• Generating revenue from advertising - This is the one that tends to get all the attention, but the promise is so far much greater than the delivery. It is still early days for advertising, and very few networks “make it” based on ad sales alone. Selling ads is a tough game, and make no assumptions a concept will work.

Develop your strategy

Your objectives should lead you to a strategy, and a viable business model. You need a fully realized, well-defined, spreadsheet-worthy strategy and model that looks all the way through what you want to do, how much it will cost and what the return on that investment looks like. If the program is less about money and more about objectives, you still need to somehow quantify that. Even something as simple as explaining that roughly $200 a month would be saved in printing costs for a staff circular is a compelling argument for a network. Digital wayfinding that eliminates the need for a staffed information counter is a very powerful argument.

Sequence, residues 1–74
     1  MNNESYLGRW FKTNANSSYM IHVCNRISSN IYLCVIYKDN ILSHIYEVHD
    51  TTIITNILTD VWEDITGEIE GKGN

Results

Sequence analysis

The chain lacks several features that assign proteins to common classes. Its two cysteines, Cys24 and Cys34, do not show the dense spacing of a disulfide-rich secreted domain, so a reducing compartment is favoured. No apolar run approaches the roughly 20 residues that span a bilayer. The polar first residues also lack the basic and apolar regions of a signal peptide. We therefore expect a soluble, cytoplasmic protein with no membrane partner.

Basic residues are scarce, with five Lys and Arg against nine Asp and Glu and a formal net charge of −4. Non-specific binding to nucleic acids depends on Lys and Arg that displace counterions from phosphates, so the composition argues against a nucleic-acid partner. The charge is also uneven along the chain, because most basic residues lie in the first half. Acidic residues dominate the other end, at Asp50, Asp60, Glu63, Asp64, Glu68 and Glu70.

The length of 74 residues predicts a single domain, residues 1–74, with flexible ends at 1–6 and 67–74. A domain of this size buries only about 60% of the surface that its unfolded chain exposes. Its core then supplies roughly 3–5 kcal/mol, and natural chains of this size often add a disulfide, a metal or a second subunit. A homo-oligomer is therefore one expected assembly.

If your network is working with retail, your compelling business argument needs to speak in that sector’s business language and fully adopt how those retailers measure positive contributions to the bottom line. The simple, common argument that a screen network in a store will sell two more DVDs a day and therefore pay for itself may ring hollow – because the $32 made from up-selling those DVDs is really just $4 after all the costs of buying, shipping and stocking those units are factored in. Your business argument needs to be solid and contextual, and you need to understand your client’s business.